As a startup entrepreneur for the last three years, I’ve had the chance to observe the online scene both locally (Montreal), nationally (Canada) and internationally (US and Europe mostly). I’ve organized and participated in many unconferences and camps (most recently last week at WebCamp Montreal) and I’ve spoken at conferences in Europe, the US and Canada. I’ve met many entrepreneurs all over the world and I’ve coached aspiring ones. I’ve traveled to Silicon Valley countless times and had the opportunity to breathe the air there, trying to identify the various cogs of that ecosystem. I’ve realized that, if the right conditions are present, tremendous value can be created by building Web products.
My perception of the local online industry (Montreal specifically) is that we’re really good at online marketing / communications / advertising and we use this as the main method to generate value. We do build many online products but they end up being used in specific time-sensitive ad campaigns, ephemeral things, and when these ends, these products become orphans. This perception is obviously influenced by my product management background. I’ve been building Web products for more than 10 years and some of the things I’ve created have influenced whole industries and are generating millions of dollars in revenues.
Montreal has all the ingredients to become a hotbed of Web development and startups (I wrote about that a few months ago). After all, we already did it for the videogame industry. There is a lot of money for interactive projects, especially in large organizations, but we’re trying to replicate the old broadcast/advertising model online. There must be a better way to do things.
To re-think the way we work as an industry, I’d like to inspire myself from ecological terms coined in the last few decades: sustainable development and the waste hierarchy (known commonly as the 3Rs, reduce, reuse and recycle). Environmental science learnings can teach us to create more value with less “material”. Based on my personal experience, here is my manifesto for sustainable Web development, to create a better, more innovative, more valuable Web ecosystem.
- Think “product”, not “ad campaign”. Use budgets to create things that will last. Think how you can achieve your communication goals by building stuff instead of buying media placement.
- Do not re-invent the wheel, Focus on building value on top of existing material. Re-use existing standards. This is how we’re going to accelerate the pace of innovation.
- Use open source software. You’d be amazed to see how many technology components are now available in open source. You get access to whole communities when you use those technologies and you speed up innovation.
- Leverage existing APIs. You’d be amazed to see how many content and technology components are now available via public APIs. Use them, again, to speed up your development.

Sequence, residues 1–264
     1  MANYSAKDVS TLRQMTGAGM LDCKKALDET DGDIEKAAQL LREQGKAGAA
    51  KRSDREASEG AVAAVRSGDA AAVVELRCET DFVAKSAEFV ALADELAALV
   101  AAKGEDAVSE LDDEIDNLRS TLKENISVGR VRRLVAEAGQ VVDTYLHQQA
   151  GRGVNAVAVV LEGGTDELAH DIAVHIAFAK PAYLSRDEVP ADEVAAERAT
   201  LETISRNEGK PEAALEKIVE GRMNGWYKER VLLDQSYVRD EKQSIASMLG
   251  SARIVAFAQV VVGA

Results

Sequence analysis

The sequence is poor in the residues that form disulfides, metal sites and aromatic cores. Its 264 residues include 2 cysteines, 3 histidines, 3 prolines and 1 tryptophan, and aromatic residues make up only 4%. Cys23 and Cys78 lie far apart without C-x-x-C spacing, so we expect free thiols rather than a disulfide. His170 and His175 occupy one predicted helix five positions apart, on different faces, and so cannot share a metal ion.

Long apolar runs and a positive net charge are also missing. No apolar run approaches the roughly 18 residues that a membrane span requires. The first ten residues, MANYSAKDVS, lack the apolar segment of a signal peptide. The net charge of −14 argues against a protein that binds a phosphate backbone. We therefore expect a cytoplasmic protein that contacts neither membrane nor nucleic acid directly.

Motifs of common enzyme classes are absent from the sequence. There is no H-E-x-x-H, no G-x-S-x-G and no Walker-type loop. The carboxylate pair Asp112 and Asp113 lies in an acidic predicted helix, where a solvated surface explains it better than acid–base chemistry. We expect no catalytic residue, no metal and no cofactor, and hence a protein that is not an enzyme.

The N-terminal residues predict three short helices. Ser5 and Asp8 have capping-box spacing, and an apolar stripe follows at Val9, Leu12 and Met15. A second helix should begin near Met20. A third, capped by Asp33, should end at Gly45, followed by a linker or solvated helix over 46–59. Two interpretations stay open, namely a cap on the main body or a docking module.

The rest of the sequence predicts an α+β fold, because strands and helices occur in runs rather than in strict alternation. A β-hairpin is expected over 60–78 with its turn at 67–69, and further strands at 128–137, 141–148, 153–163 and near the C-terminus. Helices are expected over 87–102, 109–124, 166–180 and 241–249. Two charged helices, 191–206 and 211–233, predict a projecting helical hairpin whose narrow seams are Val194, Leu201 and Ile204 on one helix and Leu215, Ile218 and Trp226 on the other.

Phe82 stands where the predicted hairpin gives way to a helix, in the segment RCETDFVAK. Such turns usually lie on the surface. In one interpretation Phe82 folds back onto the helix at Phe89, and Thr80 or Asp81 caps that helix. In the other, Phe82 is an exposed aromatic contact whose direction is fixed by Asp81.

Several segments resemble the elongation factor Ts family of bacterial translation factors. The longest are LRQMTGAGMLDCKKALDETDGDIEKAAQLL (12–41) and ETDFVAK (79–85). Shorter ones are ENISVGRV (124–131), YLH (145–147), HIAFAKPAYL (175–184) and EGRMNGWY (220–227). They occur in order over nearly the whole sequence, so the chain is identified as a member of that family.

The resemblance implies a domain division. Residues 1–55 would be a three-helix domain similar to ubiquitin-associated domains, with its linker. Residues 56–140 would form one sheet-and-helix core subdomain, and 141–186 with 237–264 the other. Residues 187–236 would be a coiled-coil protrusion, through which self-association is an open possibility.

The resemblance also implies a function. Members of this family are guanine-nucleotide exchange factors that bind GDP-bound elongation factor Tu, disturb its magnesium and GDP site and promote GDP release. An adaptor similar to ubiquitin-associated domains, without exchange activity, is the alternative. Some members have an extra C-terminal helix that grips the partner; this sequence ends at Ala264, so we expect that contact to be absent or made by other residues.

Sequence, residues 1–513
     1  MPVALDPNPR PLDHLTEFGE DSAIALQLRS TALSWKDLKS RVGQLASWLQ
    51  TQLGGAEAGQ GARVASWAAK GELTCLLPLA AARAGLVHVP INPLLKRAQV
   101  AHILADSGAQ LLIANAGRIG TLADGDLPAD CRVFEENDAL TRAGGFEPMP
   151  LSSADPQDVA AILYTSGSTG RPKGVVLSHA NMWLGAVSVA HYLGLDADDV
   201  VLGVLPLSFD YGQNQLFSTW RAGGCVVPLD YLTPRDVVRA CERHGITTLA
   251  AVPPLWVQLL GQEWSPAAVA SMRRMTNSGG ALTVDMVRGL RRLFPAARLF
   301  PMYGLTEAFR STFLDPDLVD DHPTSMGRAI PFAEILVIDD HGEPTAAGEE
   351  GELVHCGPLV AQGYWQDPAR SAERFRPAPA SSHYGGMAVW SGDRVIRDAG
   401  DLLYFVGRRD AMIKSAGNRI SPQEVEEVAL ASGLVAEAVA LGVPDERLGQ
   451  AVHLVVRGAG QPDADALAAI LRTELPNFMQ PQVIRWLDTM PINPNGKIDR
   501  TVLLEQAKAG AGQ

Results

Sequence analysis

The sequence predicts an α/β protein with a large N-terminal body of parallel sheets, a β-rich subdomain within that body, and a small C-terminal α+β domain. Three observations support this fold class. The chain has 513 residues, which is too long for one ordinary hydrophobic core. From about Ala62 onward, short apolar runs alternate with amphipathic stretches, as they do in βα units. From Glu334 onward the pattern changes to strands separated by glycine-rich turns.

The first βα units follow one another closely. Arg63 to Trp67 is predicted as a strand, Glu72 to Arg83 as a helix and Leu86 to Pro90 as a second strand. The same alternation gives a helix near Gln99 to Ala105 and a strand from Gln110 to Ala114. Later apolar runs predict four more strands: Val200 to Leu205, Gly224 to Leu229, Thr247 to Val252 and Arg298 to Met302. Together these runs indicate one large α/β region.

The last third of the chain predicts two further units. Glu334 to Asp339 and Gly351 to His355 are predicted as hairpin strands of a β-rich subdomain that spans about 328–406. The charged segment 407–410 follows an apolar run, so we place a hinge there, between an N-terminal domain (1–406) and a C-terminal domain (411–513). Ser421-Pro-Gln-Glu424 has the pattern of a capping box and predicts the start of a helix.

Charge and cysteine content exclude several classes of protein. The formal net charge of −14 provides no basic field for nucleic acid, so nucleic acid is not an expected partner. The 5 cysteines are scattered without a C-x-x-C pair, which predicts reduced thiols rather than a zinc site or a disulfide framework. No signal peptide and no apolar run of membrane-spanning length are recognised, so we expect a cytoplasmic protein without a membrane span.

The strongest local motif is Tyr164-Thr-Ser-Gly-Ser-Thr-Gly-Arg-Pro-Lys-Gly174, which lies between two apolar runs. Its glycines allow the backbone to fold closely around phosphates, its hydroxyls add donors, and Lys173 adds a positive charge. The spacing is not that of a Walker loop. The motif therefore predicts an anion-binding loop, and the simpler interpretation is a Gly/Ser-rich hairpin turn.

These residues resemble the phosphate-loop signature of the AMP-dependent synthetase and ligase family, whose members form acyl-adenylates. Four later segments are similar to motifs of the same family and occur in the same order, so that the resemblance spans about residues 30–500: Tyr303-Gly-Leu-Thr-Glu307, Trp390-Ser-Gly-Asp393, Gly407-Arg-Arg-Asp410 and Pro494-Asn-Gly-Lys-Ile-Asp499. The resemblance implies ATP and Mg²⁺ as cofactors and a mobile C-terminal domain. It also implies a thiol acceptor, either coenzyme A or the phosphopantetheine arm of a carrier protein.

- Less talk, more build. We love our social time, drinking beers with industry colleagues and imagining a better world. If you want the world to change, go in action mode. Just do it!
- Give back. At the end of a project, if you’re not going to reuse the code, open source it. If it’s not going to be used at all, give it back to the community.
- Do not focus on “competitors”. The online market is huge and will be so for the next 20 years. Think about disruptive ideas, think about incremental ideas but focus on your business and the opportunities.
- Work with other companies. This is the corollary of the last bullet. Can you participate in common projects that will benefit multiple organizations?
- Use locally-produced technologies in your projects (when possible). This rewards risk-taking in the local ecosystem.
- Share your best practices with others. Blog, speak, be open, You win on execution, not on ideas.
- Mentor others. Make sure other people benefit from your experience. Be generous with your time even though that’s probably the most precious resource you have.
- Participate in the ecosystem. Attend events, write blog posts, take position on important topics.
- Learn from failure and respect those that failed. Silicon Valley folks believe you can learn from failures. Do the same.
- Think out of the box. Don’t be afraid of pathways less traveled. Challenge people.
- Launch your own company. If you really believe in your ideas and your current professional environment doesn’t allow you to execute them, start your own company.
- Listen to builders, innovators and “crazy” people in the industry. They sometimes sound crazy but listen to them. They see things you don’t see.
- Create long-lasting value, not short-term results. ‘Nuff said.
Do you agree or disagree with what I wrote down? Have I missed anything? Feel free to leave a comment. This is the beginning of the conversation…